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Volume 24 , Issue 3
Summer 2010

Pages 255261


Painful Conditioning Stimuli of the Craniofacial Region Evokes Diffuse Noxious Inhibitory Controls in Men and Women

Kelun Wang, DDS, PhD/Peter Svensson, Dr Odont, PhD, DDS/Barry J. Sessle, MDS, PhD, DSc(hc)/Brian E. Cairns, PhD, RPh/Lars Arendt-Nielsen, PhD, Dr Med Sci


PMID: 20664826

Aims: To compare the modulatory effects of tonic mechanical or thermal craniofacial painful conditioning stimuli on pain sensitivity in craniofacial and spinal test sites in healthy men and women. Methods: Mechanical and cold headbands were developed and tested on 12 healthy men and 12 age-matched women (mean SEM: 27 1.5 years). The pressure applied by the mechanical headband around the skull above the eyebrows could be adjusted over time via feedback from a 0 to 10 electronic visual analog scale (VAS) to maintain the pain intensity at a given level for 10 minutes (3 to 7 on VAS). The cold headband consisted of a series of plastic bags filled with antifreeze water having a temperature of approx 3C. During the 10 minutes of application, the subjects were asked to rate the pain intensity on a 10-cm VAS. Pressure pain thresholds (PPT) were recorded over the right and left masseter muscles (MAR, MAL), right splenius muscle (neck), right elbow (elbow), and right middle finger (finger) by a pressure algometer (1-cm2 area probe). The PPTs at each of the five sites were determined at baseline and during the mechanical or cold-induced pain. The two sessions with mechanical or cold headbands were performed at an interval of 30 minutes. Results: Women had significantly lower absolute PPT values than men at most test sites (Unpaired t-test: P < .027). The mechanical headband caused pain in both men (peak pain mean SEM: 4.7 0.4 cm) and women (4.9 0.4 cm) (P = .455). A significant PPT elevation was found at MAR, MAL, neck, and finger in men (11% to 17%; P < .031) and at MAR, MAL, and neck in women (15% to 22%; P < .020) during the mechanical-induced pain. The cold headband caused pain in both men (4.0 0.4 cm) and women (4.5 0.4 cm) (P = .285). During the cold-induced pain, a significant PPT elevation was found at all test sites in men (P < .023) and at all sites (P < .021) except for the finger in women. The relative changes in PPT values were not significantly different between men and women at any test site (unpaired t-test: P > .446). Conclusion: This study has documented that mechanical and thermal painful tonic stimuli applied to the craniofacial region can evoke diffuse noxious inhibitory control (DNIC)-like effects in the craniofacial region as well as spinally innervated areas, but without sex differences. J Orofac Pain 2010;24:255261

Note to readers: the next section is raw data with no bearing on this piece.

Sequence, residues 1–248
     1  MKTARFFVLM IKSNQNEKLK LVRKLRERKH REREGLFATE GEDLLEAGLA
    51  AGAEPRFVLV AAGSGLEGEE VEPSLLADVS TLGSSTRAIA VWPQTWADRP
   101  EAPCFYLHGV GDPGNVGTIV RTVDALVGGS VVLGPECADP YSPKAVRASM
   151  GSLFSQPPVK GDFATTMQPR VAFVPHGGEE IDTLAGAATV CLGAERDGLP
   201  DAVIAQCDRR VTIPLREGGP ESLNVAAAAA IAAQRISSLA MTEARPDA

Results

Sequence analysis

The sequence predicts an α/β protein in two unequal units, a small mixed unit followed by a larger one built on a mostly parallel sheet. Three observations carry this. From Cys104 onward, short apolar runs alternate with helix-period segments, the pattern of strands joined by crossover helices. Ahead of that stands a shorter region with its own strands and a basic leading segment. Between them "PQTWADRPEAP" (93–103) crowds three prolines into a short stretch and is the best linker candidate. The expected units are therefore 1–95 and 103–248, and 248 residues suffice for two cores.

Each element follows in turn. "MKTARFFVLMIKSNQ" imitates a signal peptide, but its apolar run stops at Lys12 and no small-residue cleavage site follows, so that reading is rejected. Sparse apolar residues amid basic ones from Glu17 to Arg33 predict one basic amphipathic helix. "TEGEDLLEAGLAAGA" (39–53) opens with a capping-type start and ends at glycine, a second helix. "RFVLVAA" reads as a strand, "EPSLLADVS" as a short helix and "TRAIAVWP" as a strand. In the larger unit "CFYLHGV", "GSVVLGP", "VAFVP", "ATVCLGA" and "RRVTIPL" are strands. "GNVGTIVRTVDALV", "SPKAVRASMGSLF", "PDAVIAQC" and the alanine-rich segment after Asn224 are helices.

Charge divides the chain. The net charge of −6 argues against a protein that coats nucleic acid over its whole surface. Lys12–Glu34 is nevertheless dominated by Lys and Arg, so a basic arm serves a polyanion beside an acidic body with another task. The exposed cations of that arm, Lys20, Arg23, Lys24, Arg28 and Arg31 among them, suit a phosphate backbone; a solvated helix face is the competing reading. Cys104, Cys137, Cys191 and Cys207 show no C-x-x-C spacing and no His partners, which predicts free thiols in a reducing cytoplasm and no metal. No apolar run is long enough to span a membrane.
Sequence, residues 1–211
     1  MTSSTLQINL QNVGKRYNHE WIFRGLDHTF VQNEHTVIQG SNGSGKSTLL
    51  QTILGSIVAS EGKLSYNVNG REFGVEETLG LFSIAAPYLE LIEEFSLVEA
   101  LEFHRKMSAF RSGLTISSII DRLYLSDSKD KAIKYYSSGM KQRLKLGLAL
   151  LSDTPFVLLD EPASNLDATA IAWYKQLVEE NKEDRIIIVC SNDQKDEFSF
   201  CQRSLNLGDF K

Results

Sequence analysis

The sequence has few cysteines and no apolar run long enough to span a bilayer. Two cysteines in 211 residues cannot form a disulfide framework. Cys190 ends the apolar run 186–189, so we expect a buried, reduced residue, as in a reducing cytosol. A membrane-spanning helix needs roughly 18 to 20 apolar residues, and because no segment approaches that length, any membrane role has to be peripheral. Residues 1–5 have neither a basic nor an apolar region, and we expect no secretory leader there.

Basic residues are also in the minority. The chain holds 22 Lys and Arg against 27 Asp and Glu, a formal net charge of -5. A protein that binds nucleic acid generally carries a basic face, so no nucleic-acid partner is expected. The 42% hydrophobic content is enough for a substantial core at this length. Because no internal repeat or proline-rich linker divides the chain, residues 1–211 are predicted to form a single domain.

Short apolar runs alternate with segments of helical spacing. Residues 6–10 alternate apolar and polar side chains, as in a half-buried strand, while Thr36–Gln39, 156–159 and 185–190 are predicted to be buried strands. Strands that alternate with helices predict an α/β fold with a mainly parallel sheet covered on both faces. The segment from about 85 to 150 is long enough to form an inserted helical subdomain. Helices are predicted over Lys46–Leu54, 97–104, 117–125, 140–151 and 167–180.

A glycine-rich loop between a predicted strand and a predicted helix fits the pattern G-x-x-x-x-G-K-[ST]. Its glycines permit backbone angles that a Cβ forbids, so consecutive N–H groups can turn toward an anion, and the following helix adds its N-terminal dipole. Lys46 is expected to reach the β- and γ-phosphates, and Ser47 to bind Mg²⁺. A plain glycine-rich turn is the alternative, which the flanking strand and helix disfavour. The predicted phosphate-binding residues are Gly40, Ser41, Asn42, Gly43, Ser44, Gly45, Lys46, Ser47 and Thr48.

Key words: DNIC, human experimental pain models, sensory physiology, trigeminal pain


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